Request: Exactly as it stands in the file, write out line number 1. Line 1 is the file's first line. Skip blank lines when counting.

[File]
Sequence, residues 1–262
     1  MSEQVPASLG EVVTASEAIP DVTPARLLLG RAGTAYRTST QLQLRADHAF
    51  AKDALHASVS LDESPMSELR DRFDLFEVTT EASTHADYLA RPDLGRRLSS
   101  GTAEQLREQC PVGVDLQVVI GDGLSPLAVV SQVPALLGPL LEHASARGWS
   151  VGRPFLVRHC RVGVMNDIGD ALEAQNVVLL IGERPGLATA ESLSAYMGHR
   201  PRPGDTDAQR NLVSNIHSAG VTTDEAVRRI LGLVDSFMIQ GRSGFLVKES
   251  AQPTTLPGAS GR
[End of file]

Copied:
Sequence, residues 1–262